moonofalabama.org (October 30 ) – During the last days a large attack on the Syrian government supply line to Aleppo city was carried out by Jabhat al-Nusra (aka al-Qaeda in Syria) and the Islamic State seemingly in coordination with the U.S. military.
During September the U.S. anti-IS coalition carried out an average of 4.2 airstrikes on IS in predominately east Syria. This after an average of 6.8 per day in August. The rate in October was about the same as in September until Thursday October 22. Then, according to the U.S. Military Times, the strike rate decreased markedly:
~4 strikes per day up to Oct 20
4 – Oct 20 Tuesday
8 – Oct 21 Wednesday
1 – Oct 22 Thursday
0 – Oct 23 Friday
0 – Oct 24 Saturday
0 – Oct 26 Sunday
1 – Oct 27 Monday
0 – Oct 28 Tuesday
0 – Oct 29 Wednesday
The Islamic State used the lull in airstrikes in east Syria to move hundreds of fighters and heavy equipment towards the supply line that connects Damascus with the government held areas (green) of Aleppo.
After two days of no U.S. airstrikes in east Syria the Islamic State (purple) attacked the government supply corridor from the east while at the same time and at the same main point Jabhat al-Nusra (orange) attacked the supply corridor from the west. The attacks started with suicide car bombs against Syrian army checkpoints, which suddenly had to defend themselves to the front and the rear.
On Saturday October 24 Almasdar news reported:
For the first time in three months, the Syrian Arab Army’s (SAA) main supply route along the Khanasser Highway was closed due to an obstruction by the Islamic State of Iraq and Al-Sham (ISIS); this chaotic situation forced the pro-government forces to call on hundreds of reinforcements from the Aleppo Governorate to help push back the encroaching terrorists.
Initially, the Syrian Armed Forces were successful in repelling both ISIS and the Syrian Al-Qaeda group “Jabhat Al-Nusra” after they attacked from different axes in the Hama Governorate; however, ISIS regrouped near the Al-Raqqa Governorate border in order to launch another massive assault on the Khanasser Highway.
ISIS’ second assault on the Syrian Armed Forces’ defensive positions proved successful, as they cutoff the Khanasser Highway and pushed further west towards the strategic city of Ithriyah in east Hama.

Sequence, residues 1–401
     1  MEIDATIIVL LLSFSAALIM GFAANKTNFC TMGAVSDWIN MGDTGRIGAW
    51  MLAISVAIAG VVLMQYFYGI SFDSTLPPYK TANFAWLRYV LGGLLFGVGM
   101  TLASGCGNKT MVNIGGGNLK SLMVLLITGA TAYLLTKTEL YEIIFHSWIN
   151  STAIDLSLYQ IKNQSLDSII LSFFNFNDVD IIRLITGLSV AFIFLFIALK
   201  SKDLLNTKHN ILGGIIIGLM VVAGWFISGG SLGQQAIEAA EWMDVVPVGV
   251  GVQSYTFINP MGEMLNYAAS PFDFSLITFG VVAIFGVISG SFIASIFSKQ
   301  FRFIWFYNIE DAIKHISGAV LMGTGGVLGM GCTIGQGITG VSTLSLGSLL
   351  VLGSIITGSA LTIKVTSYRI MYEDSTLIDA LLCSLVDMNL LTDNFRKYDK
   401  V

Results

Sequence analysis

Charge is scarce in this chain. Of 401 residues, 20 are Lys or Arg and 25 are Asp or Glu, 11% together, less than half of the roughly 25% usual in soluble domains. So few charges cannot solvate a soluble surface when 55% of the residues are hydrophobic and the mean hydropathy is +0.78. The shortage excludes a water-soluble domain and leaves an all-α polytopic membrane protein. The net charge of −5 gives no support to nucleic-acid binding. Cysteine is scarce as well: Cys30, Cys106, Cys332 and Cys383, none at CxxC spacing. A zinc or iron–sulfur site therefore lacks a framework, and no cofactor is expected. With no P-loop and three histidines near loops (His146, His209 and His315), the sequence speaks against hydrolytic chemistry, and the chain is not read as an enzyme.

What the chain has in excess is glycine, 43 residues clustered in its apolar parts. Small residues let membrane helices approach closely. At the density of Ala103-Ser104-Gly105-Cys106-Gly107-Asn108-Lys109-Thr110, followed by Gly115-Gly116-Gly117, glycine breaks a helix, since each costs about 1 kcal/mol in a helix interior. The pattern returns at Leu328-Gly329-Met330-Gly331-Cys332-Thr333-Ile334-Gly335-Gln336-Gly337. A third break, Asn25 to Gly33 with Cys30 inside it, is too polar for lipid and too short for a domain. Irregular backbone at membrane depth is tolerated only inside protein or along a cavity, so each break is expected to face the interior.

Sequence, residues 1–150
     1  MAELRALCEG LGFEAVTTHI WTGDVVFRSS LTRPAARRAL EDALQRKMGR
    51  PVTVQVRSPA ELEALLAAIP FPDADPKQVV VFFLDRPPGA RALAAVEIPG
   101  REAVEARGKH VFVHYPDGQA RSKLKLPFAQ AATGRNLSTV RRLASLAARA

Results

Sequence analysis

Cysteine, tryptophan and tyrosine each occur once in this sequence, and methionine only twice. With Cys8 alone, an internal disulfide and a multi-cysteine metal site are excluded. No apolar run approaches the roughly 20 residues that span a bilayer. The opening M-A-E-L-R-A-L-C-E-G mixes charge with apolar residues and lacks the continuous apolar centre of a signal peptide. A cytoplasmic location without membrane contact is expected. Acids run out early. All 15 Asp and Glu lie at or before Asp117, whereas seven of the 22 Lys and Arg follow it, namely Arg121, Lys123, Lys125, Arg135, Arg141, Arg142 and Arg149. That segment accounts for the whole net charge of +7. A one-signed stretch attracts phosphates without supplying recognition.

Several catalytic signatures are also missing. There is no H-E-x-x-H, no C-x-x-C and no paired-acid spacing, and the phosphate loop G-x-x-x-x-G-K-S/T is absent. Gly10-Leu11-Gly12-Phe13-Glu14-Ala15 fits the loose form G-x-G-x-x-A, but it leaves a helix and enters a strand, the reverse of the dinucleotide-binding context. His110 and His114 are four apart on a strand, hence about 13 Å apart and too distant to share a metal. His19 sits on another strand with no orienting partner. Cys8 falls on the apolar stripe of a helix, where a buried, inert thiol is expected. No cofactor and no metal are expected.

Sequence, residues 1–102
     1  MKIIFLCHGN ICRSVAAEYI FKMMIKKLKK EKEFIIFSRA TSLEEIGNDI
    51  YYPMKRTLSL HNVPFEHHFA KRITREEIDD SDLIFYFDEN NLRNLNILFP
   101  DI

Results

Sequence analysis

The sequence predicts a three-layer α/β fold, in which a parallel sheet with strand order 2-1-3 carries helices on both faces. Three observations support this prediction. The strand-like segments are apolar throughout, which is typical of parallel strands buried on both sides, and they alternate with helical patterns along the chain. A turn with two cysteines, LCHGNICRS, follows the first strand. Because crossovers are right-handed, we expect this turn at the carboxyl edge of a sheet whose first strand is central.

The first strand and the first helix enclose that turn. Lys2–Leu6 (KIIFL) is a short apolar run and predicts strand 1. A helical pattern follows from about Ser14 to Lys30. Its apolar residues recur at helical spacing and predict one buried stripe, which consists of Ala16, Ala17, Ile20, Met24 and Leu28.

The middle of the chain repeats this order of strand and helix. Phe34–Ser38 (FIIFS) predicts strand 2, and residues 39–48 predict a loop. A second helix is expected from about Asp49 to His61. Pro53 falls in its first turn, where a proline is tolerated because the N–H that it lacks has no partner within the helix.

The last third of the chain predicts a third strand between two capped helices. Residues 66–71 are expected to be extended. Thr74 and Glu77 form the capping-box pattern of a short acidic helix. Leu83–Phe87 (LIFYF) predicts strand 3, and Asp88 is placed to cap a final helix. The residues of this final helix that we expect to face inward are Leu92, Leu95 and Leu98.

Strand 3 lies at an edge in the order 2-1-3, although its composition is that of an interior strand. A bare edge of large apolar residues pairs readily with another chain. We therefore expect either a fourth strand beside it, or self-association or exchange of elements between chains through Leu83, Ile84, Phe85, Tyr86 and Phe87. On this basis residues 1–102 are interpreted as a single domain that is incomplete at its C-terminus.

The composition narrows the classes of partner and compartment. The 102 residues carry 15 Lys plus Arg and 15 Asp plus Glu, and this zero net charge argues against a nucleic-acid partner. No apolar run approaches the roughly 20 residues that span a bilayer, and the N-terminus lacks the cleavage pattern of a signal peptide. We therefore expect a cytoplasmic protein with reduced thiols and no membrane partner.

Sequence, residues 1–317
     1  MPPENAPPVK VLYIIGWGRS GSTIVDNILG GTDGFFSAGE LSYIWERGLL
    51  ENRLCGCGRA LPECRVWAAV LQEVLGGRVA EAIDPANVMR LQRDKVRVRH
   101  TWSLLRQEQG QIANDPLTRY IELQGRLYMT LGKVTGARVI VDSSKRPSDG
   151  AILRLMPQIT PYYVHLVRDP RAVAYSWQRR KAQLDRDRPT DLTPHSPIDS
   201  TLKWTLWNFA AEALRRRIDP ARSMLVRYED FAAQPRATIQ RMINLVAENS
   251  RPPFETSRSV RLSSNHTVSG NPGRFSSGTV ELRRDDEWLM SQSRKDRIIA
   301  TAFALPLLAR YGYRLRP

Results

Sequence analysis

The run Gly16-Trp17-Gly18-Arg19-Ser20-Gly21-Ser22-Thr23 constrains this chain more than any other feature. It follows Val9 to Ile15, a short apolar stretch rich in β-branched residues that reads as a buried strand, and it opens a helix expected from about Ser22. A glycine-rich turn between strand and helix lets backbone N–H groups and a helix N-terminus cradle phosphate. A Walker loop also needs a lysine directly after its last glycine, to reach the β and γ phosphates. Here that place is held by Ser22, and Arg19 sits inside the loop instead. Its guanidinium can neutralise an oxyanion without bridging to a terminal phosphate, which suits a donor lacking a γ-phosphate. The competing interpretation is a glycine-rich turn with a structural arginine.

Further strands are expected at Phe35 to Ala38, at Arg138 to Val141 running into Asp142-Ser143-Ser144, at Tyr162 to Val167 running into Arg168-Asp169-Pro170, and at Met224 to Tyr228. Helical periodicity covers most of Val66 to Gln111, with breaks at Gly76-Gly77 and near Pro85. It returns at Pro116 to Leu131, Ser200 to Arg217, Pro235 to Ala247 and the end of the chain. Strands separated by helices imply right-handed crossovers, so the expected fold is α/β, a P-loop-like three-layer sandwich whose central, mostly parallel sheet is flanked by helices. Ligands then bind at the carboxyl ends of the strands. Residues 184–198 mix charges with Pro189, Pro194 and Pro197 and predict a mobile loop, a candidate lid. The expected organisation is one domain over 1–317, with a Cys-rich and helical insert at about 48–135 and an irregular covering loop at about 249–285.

The Islamic State fighters killed about a dozen government troops and captured several armed vehicles (gruesome photos here).
The Syrian army send reinforcements from the Palestinian resistance militia Liwaa Al-Quds to help clear the road. This was only somewhat successful as bad weather and a sandstorm on the 25th prevented air support.
The operations room in Damascus was not too unhappy with the situation even though the road was still cut. The thought was that having IS and Nusra fighters concentrated in an otherwise wide open rural area would help to eliminate them. On the 26th and 27the Russian and Syrian air forces flew some 90 attacks within 24 hours against the enemy held parts of the road.
These attacks cleared the IS held parts of the road but the Islamic State concentrated more forces on another part of the road further north and on October 27 it suicide-bombed another government checkpoint and again blocked the road. Additional support from Hizbullah arrived during the next days and the road is now mostly cleared though still endangered.
The closed supply route led to hardship for the nearly two million people in the government held parts of Aleppo as prices for produce and gasoline exploded.
The operations room in Damascus where Syria, Iran, Russia and Hizbullah coordinate the intelligence and operations in Syria suspects that the attack on the supply corridor was coordinated at a higher level than just between Nusra and the Islamic State.